Dispatch from the Bitcoin Conference: Meet the Other MaximalistsMatthew Sigel, Head of Digital Assets ResearchJune 07, 2021
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- Institutional Interest Accelerates
- A Preponderance of Crypto-preneurs
- Why Don’t Bitcoiners Sell? Two Reasons
- Taking Yield Back from the Banks, and Giving It to the Consumer
- ”Every Person as a Corporation”
It is easy to get turned off by some of bitcoin's more flamboyant elements. The yolo/meme/pseudonymous ethos can alienate boomers blessed with just a normal level of fiduciary skepticism. Indeed, at last week's bitcoin 2021 conference in Miami, which attracted a reported 12,000 attendees (including yours truly) at $1,500 per ticket, there was no shortage of antics to support the bear case. That El Salvador, home of one of the world's highest crime rates, became the first country to announce it may buy bitcoin, news of which broke during the event to a full standing ovation, just adds to the occasional sense of lawlessness surrounding the asset class.
12,000 attendees waited 2+ hours on day 1 to enter the Bitcoin 2021 conference
“Dogecoin TO THE MOON” shouting protester subsequently bear hugged into submission by conference security.
It’s fitting that a YOLO BTC’er picked Lotus, who has manufactured a total of 100,000 cars in 70 years.
Maybe not the best tagline given regulators are unlikely to budge on this topic.
And yet while this seeming un-seriousness might have hindered the institutional adoption curve of digital assets in the past, that is clearly changing now. Indeed simple math dictates that it must: according to one VanEck sales rep who recently witnessed a show-of-hands-poll at a leading gathering of independent advisors, 40% of reps owned crypto in their personal accounts, but close to zero said they held for clients! Now, as the leading crypto exchanges and blockchain software leaders look to raise capital to scale, many of Wall Street’s most well-known hedge funds spent last week kicking tires in Miami, getting educated on the massive deflationary disruption hitting traditional banks and internet.
Third Point’s Dan Loeb among the many traditional hedge fund managers who made the trip to Miami last week
As a sign of the digital asset sector’s newfound financial clout, in just the last week, crypto exchange FTX and its founder Sam Bankman-Fried (SBF) unveiled their logo on the former American Airlines Arena in Miami after buying the naming rights for $135M, announced a $210M deal for an esports team, and separately raised $314M for their proposed lower-cost ethereum competitor, Solana. (For those concerned about over-spending, SBF said on a recent podcast he could fund the multi-year arena deal on this year’s profits alone.)
There is no reason these upstarts won’t eventually rival E-Trade, Schwab and other traditional discount equity brokers, a strategy the Israeli firm and SPAC takeover target eToro (FTCV, market value of merger: $10.4B) is already executing, with 44% of revenues from equities1 and strong cash flow fueling an aggressive marketing push in the U.S. For digital natives whose first financial purchase may be an NFT, not an ETF, why not?
Meanwhile Blockchain.com, already backed by Moore Capital, Lightspeed and Baillie Gifford, raised another $300M last week, pushing their valuation up 73% to $5.2B in just one month! Total crypto market cap may be down 1/3 from its April peak, but Silicon Valley and Wall Street are doubling down. The “movement” that Miami Mayor Francis Suarez admonished “haters and doubters” to not ignore in his opening keynote is entrepreneurs chasing lower costs and more freedom after decades of economic centralization. Wall Street is behind and trying to catch up.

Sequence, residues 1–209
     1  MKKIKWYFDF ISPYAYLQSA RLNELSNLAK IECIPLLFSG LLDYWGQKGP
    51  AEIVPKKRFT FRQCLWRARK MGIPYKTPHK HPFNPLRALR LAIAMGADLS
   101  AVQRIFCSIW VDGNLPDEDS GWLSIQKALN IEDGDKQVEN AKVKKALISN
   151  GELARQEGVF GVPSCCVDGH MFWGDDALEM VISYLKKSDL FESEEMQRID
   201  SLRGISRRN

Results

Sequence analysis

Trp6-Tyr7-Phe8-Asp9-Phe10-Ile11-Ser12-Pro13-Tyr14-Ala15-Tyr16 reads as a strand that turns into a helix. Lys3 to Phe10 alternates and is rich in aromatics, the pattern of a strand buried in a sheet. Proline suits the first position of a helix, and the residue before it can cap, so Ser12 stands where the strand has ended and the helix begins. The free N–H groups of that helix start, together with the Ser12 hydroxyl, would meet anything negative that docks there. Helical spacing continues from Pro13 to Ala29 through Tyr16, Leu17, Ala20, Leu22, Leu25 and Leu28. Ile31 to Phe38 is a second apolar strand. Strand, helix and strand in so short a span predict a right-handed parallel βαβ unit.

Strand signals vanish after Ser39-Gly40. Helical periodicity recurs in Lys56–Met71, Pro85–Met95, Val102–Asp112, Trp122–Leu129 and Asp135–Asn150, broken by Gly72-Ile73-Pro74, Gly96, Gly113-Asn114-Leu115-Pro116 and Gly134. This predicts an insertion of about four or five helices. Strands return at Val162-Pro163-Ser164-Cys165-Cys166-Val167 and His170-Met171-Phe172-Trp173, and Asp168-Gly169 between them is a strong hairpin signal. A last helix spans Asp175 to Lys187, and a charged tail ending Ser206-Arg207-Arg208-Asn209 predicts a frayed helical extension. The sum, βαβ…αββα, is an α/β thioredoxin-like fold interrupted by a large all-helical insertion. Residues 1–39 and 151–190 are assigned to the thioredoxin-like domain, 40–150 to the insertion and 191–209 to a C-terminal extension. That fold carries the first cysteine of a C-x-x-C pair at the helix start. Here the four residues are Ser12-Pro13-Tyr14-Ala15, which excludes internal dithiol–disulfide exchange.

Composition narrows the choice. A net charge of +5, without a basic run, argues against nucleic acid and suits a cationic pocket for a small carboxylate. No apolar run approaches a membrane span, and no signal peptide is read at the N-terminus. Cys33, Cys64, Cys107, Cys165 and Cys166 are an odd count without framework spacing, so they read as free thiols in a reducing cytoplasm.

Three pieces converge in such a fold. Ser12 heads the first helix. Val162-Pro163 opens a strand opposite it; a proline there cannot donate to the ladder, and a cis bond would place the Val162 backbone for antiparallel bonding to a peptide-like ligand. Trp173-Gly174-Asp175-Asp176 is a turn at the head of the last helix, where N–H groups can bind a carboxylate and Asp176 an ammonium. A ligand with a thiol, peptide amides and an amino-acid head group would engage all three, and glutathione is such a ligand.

Airlines = 2.5% of global CO2 emissions; Bitcoin = 0.1%
Source: Miami Heat Twitter
But just as a chain is only as strong as its weakest link, a movement is only as strong as its least fervent devotees. In order to understand them, I made a point to balance my meeting schedule with plenty of time to mingle with strangers. I stayed at a $120 hotel. I avoided the lavish parties. I rode the group bus to and from the event, made eye contact, and opened myself up to the kinds of conversations that might at first appear to be a waste of time. In any case, crypto conferences generally don’t provide name tags, and lots of developers are pseudonymous. You never know who you're going to meet, and I know from experience that serendipity can create as good a version of reality as a curated corporate experience anyway. In the end, I met a lot of entrepreneurs.
I met a neighbor, a Pakistani stranger who owns a building 200 yards away from my house in Queens. In the last year he bought 1,200 Chinese bitcoin mining machines and shipped them to Siberia, where the Russian firm he paid to host them is soft-pedaling the installation, costing my new friend "one million dollars in foregone revenue in the last few months." He was undeterred by that and by bitcoin's recent swoon. "Although I made my money in real estate, I am an engineer by training. I did my work on this technology," he told me.
I met a Mexican-American man from Denver, also putting his real estate winnings into crypto, building a network of bitcoin ATMs to service small Mexican villages, an alternate option for payments and asset accumulation. "You might not understand how little some of these villagers in Mexico actually have," he explained. "If we can save them a few pennies on transactions, or cut down on some red tape, we can create real value." Although Mexico regulation is complex and favors large firms, my new friend pointed to Mexican exchange Bitso’s recent “unicorn” status and the purchase of bitcoin by Mexico’s third richest man as tailwinds. He reminded me that more than half of Mexicans don’t have a bank account and often pay over 4% transaction fees on remittances, which account for 4% of Mexican GDP.
Daily trading on Mexico’s largest crypto exchange Bitso
Source. Nomics.com Data as of 6/7/2021.
I met a self-described independent capitalist with a vague European accent, who regaled the bus riders with his tale of a 75-year-old hard charging "pure evil" nameless billionaire who had become so mesmerized by DeFi in recent weeks that he had dropped everything to learn how to trade it, and was calling my raconteur almost daily with specific "how to" questions about each protocol. "If bitcoin dropped 30% today, I would lose everything because of the leverage," my new European friend explained to his seatmate, glancing down at his phone. "So I need to keep my eyes on the markets."